Assessment of the Sustainability of Nuclear Power for the EU Taxonomy Consultation 2019
"Almost half of Europe’s low-carbon energy is provided with nuclear power today, and it is the single biggest source of low-carbon energy in Europe, sustaining an estimated 1.1 million jobs. The world’s scientific consensus e.g. Intergovernmental Panel on Climate Change (IPCC) concludes that nuclear energy has an essential role in low-carbon energy production and climate mitigation."
This new Sustainable Nuclear Assessment Report was prepared for the European Commission Technical Expert Group on Sustainable Finance, as well as for the international investment and financing community, to help them fairly and robustly evaluate the overall sustainability of nuclear energy as an investment. Our central finding is that nuclear energy is a sustainable energy investment. Given that we need nuclear to play a part in the global climate change mitigation challenge, every effort should be made to move the discussion closer to the evidence base.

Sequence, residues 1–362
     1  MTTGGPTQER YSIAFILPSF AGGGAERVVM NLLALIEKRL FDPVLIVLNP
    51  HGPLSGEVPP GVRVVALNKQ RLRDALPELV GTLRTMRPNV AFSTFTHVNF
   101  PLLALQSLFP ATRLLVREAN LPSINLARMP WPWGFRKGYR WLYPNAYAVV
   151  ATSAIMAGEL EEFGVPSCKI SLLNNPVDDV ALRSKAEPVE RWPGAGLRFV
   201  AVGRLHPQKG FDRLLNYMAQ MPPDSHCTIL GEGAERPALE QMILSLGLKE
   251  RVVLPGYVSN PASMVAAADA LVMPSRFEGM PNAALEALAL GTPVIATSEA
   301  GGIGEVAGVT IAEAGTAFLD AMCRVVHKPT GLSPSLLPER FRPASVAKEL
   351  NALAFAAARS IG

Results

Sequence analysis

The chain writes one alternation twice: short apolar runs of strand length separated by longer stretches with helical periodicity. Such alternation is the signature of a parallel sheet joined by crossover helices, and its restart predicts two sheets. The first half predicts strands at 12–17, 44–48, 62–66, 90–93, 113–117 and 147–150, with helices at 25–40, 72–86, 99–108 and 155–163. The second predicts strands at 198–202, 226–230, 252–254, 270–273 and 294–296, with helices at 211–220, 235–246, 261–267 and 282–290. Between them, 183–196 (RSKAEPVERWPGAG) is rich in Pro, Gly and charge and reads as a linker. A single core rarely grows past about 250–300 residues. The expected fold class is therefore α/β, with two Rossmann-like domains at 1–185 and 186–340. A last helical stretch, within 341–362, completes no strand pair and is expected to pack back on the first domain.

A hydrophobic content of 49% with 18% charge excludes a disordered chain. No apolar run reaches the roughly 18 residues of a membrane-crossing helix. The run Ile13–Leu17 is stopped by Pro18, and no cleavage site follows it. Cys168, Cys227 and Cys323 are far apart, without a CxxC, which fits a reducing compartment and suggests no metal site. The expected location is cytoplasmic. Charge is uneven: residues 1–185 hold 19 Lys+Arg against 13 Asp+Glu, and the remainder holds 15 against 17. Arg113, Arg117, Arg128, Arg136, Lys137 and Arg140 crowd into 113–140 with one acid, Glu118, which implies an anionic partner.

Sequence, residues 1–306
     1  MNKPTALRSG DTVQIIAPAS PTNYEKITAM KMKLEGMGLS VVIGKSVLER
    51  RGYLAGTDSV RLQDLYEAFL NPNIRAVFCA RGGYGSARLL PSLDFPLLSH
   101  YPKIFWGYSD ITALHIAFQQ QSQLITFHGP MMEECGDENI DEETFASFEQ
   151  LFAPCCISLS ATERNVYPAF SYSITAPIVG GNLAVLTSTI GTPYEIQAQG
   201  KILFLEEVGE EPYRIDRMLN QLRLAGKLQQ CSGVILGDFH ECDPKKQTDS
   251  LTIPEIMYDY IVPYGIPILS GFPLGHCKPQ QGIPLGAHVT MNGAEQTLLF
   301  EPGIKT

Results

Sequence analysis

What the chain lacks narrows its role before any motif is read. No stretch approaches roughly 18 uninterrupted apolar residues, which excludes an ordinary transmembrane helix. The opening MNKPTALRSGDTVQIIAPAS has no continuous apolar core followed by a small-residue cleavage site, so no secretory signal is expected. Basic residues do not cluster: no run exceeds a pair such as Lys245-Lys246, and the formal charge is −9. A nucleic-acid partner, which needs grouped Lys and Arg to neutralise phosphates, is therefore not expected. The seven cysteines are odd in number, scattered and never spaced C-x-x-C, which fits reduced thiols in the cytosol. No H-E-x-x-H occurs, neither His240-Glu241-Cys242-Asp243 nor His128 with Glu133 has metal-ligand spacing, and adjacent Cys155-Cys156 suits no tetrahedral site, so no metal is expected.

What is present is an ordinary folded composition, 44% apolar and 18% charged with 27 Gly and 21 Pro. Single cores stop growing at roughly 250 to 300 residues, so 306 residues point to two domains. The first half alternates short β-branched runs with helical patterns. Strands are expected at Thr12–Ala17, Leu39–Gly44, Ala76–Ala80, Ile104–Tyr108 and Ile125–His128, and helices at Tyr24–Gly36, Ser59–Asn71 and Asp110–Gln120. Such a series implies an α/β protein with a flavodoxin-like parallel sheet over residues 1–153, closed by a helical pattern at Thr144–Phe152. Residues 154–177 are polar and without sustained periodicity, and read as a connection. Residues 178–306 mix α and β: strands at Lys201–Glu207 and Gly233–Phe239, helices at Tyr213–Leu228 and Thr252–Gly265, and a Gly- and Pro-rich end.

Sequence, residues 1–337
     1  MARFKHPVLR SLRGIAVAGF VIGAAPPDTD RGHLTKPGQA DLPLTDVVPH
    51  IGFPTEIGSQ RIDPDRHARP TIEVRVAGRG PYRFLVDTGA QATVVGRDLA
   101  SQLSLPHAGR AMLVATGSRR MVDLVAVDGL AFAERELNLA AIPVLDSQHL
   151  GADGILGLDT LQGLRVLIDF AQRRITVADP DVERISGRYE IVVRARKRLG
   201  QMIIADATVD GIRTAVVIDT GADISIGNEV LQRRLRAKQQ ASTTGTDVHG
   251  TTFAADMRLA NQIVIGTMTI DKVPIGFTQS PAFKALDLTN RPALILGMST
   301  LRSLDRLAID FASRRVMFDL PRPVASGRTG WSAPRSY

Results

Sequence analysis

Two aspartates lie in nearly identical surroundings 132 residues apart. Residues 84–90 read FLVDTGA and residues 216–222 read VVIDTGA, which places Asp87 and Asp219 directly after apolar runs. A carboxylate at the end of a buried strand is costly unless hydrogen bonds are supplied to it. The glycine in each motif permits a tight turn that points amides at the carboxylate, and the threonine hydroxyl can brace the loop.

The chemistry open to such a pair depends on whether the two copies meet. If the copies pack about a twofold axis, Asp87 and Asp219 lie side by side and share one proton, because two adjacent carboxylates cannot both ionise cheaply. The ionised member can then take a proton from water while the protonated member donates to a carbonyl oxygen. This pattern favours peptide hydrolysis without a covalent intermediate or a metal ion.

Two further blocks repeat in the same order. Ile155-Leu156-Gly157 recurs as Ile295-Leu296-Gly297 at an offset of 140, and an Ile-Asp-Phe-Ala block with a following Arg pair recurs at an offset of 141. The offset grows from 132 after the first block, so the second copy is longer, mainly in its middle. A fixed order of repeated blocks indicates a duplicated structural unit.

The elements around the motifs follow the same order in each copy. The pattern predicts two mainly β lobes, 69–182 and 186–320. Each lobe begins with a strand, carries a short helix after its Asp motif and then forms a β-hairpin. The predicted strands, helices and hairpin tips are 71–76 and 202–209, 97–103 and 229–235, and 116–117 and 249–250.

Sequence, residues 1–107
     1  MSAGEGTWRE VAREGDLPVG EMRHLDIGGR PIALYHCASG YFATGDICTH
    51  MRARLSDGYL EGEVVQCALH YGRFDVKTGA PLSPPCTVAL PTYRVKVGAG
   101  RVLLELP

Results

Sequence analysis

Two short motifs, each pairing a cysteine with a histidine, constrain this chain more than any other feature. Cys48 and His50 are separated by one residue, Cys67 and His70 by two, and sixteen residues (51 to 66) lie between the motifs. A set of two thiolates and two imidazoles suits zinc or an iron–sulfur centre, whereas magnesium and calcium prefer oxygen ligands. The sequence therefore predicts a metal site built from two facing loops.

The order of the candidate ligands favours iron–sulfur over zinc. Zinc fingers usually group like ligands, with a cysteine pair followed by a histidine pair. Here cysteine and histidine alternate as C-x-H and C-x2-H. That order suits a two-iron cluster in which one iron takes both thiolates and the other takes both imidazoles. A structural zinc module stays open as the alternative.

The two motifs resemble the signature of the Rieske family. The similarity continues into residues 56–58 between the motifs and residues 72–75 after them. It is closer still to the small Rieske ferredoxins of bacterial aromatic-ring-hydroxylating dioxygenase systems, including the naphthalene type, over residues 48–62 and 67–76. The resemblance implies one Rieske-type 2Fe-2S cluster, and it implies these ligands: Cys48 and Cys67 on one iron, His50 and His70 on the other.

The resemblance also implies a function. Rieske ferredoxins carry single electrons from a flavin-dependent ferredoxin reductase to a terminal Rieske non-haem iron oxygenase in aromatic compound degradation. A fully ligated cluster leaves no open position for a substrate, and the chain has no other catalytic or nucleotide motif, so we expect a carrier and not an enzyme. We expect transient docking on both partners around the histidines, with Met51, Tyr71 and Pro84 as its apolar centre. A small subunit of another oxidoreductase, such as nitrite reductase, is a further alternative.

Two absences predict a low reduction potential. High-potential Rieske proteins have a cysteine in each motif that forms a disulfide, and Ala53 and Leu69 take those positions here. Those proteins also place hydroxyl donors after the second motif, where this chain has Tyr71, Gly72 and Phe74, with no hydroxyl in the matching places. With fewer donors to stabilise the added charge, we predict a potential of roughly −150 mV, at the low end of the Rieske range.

The European Commission recently created a Technical Expert Group (TEG) to define which activities should be included within an EU Sustainable Finance Taxonomy. The climate change mitigation potential of nuclear energy was found to have strong base in the TEG report. However, despite strong agreement that nuclear energy has low lifecycle emissions and can therefore help mitigate climate change, the TEG cite confusing and mixed evidence regarding the Do No Significant Harm-criteria (DNSH) on some of the sustainability objectives. As a result, the TEG Technical report on EU Taxonomy published in June 2019 proposed to leave nuclear energy out from the first version of the Taxonomy, pending further assessment.
The TEG opened a public consultation for feedback on their report, running until 13th September 2019. In that report, the TEG also “recommends that more extensive technical work is undertaken on the DNSH (Do No Significant Harm) aspects of nuclear energy in future and by a group with in-depth technical expertise on nuclear life cycle technologies and the existing and potential environmental impacts across all objectives.“